Google Street View, a function of Google Maps that allows users to zoom in on sites all over the world to see panoramic views of places from the ground, is serious about privacy, blurring license plates, people, some buildings, and, apparently, cows.
On Monday, the Guardian’s David Shariatmadari tweeted photo evidence.
In the photo, the cow’s face is totally blurred, raising the obvious question: Does this cow look more human than other cows? The cow next to the protected cow did not get the blur treatment, and they both seem to be fully bovine.
According to the BBC, a spokesman for Google said, “We thought you were pulling the udder one when we herd the moos, but it’s clear that our automatic face-blurring technology has been a little overzealous. Of course, we don’t begrudge this cow milking its five minutes of fame.”
A spokesman for the cow said, “Enough with the lame puns.”
Google Street View began experimenting with blurring people’s faces back in 2008. And in 2014, Google was ordered to pay a small amount to a Canadian woman who was upset that Google Street View blurred her face but failed to blur her cleavage.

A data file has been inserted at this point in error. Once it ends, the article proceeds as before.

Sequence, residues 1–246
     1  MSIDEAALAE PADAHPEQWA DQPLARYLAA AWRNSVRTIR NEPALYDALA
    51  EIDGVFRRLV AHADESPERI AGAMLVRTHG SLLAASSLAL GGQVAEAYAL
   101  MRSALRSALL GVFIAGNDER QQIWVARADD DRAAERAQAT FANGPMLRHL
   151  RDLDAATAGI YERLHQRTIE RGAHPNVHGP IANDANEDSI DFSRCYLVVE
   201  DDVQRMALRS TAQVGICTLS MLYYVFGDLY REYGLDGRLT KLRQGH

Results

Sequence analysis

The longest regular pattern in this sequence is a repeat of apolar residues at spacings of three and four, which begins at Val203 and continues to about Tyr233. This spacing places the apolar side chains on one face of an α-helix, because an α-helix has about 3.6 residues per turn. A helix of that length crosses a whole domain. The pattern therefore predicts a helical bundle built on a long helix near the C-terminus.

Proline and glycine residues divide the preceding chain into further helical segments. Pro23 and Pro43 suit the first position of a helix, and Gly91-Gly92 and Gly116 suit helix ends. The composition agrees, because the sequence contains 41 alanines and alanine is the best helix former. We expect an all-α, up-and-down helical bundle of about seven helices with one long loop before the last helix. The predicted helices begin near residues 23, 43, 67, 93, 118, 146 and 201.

The revelation about Google’s blurring of this cow’s face comes just days after researchers say attempting to obscure identity online is basically pointless. As Wired reported, researchers from University of Texas at Austin and Cornell Tech say they “trained” software to “undermine the privacy benefits of standard content-masking techniques like blurring and pixelation by learning to read or see what’s meant to be hidden in images.” According to Wired, one of the researchers said anyone with basic technical knowledge would be able to teach software to uncover pixelated or otherwise obscured identities, creating a risk for people—including children, witnesses, or bystanders—whose identities have been obfuscated in photos on the internet.
Cows, though, probably don’t care.